I don’t actually know when it stopped, but it was a long time!It probably took the person coming home before it quit ringing. I’ll be they came running in, thinking they were just missing a call, and when they answered it, no one was there. They must have figured they just missed the call, when in reality, the caller probably went out, got drunk, drove to Vegas, got married, woke up, got divorced, drove back to LA, and completely forgot he ever called my neighbors. And that dammed phone was ringing the whole time!

Six to ten.

Machines usually catch it before that, anyway.

That’s what I meant, but the answers on the other side have been interesting, too.

The rash of 2 ring only incoming calls made me wonder if I’m annoying the people I call when I let it go on until the answering machine gets it OR six rings.

As for me answering incoming calls – I’ll either do it right away, say, by the second or third ring, depending if I have a free hand to grab the phone, or never. The landline is eternally ignored unless a Real Person actually starts leaving a message, in which case I pick up.
Oh, and for the ten seconds/ring thing: it was at least true when I timed it once, but that was back in, mighod, the sixties when it was Ma Bell or nothing. I have no idea if there is any consistent standard at all now. Probably not, given how ring tones vary in length.

If that’s really true, you may have just explained something that has bugged the everlovin’ hell out of me for some considerable time.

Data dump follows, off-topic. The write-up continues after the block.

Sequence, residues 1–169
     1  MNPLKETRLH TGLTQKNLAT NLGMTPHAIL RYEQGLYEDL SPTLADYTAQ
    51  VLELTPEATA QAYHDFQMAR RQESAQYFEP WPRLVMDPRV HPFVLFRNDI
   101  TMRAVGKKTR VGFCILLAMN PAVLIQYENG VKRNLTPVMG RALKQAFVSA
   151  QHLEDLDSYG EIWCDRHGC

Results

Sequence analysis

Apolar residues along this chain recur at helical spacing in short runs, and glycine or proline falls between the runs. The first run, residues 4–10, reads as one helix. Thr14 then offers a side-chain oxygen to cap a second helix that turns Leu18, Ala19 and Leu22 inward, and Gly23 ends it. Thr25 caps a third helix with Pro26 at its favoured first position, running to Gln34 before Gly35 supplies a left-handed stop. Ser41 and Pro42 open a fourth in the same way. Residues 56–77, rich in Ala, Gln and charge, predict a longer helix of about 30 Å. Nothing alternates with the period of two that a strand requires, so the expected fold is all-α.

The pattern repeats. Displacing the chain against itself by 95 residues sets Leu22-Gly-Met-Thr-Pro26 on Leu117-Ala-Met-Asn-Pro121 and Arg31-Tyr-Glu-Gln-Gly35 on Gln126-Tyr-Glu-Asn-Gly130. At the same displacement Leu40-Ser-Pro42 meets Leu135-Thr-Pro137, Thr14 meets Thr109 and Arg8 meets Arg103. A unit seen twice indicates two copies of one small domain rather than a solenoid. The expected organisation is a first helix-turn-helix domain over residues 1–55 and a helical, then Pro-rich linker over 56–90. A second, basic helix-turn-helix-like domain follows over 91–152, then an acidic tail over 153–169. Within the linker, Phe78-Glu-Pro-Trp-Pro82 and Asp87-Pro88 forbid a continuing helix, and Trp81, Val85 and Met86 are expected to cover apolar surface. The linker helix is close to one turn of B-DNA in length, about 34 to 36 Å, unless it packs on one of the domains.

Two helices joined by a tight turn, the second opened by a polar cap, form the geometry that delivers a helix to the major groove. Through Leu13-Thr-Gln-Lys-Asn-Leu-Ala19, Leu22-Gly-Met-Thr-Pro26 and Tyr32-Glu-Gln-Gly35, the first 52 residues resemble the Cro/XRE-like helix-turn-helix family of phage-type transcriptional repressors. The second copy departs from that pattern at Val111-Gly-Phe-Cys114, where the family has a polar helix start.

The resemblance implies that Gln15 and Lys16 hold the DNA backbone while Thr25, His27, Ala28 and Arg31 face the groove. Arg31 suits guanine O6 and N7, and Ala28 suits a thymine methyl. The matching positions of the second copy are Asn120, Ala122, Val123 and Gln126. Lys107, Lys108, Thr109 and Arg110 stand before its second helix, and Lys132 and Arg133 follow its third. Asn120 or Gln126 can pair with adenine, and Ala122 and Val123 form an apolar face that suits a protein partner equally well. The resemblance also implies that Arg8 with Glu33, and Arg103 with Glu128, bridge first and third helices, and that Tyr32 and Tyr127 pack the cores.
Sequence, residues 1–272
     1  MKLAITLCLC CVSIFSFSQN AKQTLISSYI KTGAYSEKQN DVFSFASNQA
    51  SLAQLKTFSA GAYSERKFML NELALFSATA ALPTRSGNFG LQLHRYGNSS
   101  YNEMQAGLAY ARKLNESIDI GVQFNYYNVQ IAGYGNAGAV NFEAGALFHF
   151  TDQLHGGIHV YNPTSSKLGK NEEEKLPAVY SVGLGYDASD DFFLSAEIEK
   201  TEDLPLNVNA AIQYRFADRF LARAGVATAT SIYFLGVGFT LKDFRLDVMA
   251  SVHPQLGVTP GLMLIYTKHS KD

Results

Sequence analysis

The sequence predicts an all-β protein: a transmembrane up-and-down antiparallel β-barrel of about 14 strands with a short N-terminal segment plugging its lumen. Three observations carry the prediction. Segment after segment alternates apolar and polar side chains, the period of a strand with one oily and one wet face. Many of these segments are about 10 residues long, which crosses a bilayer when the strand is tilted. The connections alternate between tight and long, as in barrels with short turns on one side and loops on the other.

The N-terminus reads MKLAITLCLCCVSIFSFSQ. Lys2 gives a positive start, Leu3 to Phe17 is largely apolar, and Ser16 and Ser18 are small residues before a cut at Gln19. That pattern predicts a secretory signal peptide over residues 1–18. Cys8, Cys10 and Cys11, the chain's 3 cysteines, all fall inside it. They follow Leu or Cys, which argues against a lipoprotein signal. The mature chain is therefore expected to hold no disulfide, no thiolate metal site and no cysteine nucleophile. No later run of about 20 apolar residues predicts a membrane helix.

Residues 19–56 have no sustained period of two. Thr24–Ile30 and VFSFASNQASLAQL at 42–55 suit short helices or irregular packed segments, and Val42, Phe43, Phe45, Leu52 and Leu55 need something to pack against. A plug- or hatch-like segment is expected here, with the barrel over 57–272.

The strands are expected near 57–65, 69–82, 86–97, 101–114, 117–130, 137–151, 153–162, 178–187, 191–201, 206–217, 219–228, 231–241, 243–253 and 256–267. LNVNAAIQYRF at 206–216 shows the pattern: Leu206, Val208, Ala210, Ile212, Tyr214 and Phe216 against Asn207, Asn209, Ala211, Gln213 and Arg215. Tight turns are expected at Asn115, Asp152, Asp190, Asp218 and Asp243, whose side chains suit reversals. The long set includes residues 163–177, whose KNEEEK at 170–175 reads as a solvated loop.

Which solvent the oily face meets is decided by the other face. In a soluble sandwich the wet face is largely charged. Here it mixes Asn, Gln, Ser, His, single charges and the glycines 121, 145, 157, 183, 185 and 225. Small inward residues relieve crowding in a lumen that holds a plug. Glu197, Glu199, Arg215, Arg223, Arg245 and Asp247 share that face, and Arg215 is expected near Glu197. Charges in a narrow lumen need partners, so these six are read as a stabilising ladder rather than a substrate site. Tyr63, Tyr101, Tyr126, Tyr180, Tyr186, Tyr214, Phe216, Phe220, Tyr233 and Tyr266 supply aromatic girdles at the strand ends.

Round here, it is not ten seconds from one ring to the next. It’s five (I just called my own phone and checked) or possibly a touch less. Nevertheless, ever since there has been voicemail, it has seemed to be the policy of the phone companies to let the phone ring seven times, then go to voicemail.

That’s thirty-five seconds. I’ve never lived in a house with an extension. Back in our last house (two stories) I found that if I went on high alert the absolute second the phone started going, dropped everything, and ran full pelt for the phone, I could probably get there just as the last ring was ringing.

This was not a course of action that commended itself to me generally. So effectively the phone company decided I was going to “screen” most of my calls.

If that heuristic was set up by someone who assumed that seven rings was over a minute, suddenly this makes sense. A minute is fine. Thirty seconds is pretty damn tight - too tight, in my opinion, to cover all the different variations of human reaction speeds, walking speeds, and distances the recipient happens to be from their phone.

Two rings is just obnoxious. Seriously, the only way I’m going to answer after two rings is if the phone is already in my hand and I’m looking at it, thinking of calling someone.